Recent data from a Spanish population have shown that the prevalence of chronic health problems in general practice was higher in women and increased with age , a finding similar to the present study. Arterial hypertension was the most prevalent disease in the Spanish study , and this was also the case in two other studies from Italy and Sweden [15,16]. It is important to be noticed that these studies were performed in primary care, since data from secondary and tertiary care are additionally needed for the correct estimation of the disease prevalence . A previous study in a random nationwide sample of adult Greek population has also indicated that self-reported arterial hypertension represents a significant public health problem .
One important difference between the present and the Spanish study is that COPD is more prevalent in Spain compared to our sample of Greek population . The prevalence of COPD depends on the smoking pattern of each country , despite the fact that there is an increasing number of studies showing high rates of COPD in non-smokers . There is a high prevalence of smoking in urban areas of Greece , which is lower in rural areas . The fact that smoking rates are lower in the rural areas recorded in the present study, in combination with the underdiagnosis of COPD in Greece  may account for this discrepancy.
Several regions worldwide present a totally different pattern of diseases compared to our findings. For example, data from African studies indicate that the major causes of death in sub Saharan regions were communicable, maternal and perinatal conditions . Despite the fact that in these regions the pattern of morbidity and mortality is entirely different, a rise in non communicable diseases has been recently observed .
Epidemiologic data depend on the presence of recording systems. Several studies have emphasized the usefulness of electronic health records in physicians' practice. The development of a new pan-Canadian network for primary health care has been recently announced . However, there is not adequate adoption of these records, even in US hospitals , and the proportion of physicians that use them remains very low, even in primary care settings . The absence of epidemiologic data on many chronic diseases in Greece renders the conduction of large epidemiologic studies in general population imperative, in order to design new strategies in primary care.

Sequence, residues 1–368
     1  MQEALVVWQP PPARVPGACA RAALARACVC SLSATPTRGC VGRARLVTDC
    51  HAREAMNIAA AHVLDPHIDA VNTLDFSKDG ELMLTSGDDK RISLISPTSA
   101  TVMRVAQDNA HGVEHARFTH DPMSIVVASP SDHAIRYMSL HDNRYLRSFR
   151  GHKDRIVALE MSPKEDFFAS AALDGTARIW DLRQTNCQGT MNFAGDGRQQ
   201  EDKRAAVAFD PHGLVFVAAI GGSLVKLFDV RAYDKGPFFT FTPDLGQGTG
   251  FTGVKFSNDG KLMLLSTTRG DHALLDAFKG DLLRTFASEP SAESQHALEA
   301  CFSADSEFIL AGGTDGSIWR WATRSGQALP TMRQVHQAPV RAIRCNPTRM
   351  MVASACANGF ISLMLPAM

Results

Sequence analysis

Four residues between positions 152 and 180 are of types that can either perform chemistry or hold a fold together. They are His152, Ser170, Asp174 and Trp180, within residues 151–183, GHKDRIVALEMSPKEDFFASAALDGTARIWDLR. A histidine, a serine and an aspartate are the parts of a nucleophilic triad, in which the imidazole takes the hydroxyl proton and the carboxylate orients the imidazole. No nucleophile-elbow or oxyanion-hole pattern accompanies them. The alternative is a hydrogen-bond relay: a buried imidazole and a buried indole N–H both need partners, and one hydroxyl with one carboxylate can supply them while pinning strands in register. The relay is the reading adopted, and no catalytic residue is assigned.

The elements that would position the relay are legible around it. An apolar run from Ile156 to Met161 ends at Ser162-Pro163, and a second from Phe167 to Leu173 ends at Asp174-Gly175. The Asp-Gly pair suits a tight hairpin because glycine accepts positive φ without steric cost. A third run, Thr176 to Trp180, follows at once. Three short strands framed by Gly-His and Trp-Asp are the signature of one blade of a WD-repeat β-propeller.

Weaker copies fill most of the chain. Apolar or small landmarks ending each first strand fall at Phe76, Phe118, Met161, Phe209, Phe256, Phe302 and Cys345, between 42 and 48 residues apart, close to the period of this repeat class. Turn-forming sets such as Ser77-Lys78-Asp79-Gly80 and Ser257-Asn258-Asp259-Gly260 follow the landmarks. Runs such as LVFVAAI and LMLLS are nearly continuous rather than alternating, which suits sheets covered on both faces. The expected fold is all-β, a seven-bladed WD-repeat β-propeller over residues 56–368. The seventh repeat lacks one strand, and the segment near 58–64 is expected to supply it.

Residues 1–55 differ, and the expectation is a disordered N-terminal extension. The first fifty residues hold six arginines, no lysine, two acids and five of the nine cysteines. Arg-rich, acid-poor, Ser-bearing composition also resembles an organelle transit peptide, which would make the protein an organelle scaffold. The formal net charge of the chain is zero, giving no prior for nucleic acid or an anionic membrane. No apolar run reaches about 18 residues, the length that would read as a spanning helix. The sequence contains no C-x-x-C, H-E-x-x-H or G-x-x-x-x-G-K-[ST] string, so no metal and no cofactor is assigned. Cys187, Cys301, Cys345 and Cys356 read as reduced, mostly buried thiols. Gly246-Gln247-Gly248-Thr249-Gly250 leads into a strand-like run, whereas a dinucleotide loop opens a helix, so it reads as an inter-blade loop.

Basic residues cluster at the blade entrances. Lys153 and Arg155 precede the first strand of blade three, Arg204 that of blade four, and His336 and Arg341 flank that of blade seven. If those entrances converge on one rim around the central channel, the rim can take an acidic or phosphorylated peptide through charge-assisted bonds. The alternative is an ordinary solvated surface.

Despite the large number of participants, the present study presents several limitations. Firstly, due to geographic reasons, our sample may present significant differences compared to the general population. Data from Eurostat indicate that in Greece the proportion of the population aged > 65 years old is 18.6% , whereas in this study patients ≥65 years old represent over 50% of our sample. On the other hand the selected primary health care centres correspond to rural and semirural areas, with possible differences in the distribution of the population compared to urban areas. However, it should be mentioned that our study population represents approximately 16% of the population of the area that corresponds to the health care centres involved. Another possible bias is that the participation in the study was voluntary after invitation. Although there are no data on the morbidity of the subjects that were not willing to participate, the large number of participants, as well as the large number and the random order of visits in each health centre may minimize this factor. The additional evaluation of the patients' health records may have further diminished the inaccurate recording of chronic diseases.
In conclusion, the burden of chronic diseases in Greece seems to be similar with the burden observed in Europe, and especially in the middle and high income countries. Arterial hypertension, diabetes mellitus, diseases of the circulatory system and depression seem to be the most prevalent diseases. The present study revealed great variations in the prevalence of the diseases between genders and age groups. Our data justify the urgent need for the development of electronic health records that may help in the design of new prevention strategies in primary health care.
COPD: Chronic Obstructive Pulmonary Disease; ICPC: International Classification of Primary Care; WHO: World Health Organization.
The authors declare that they have no competing interests.
MM performed analysis of data and drafted the manuscript; NK contributed in the study design and acquisition of data; EZ performed the statistical analysis; KK contributed in the conception and design of the study and revised the manuscript; KIG was involved in the study conception and gave the final approval for the manuscript. All authors have read and approved the final version of the manuscript.
The pre-publication history for this paper can be accessed here: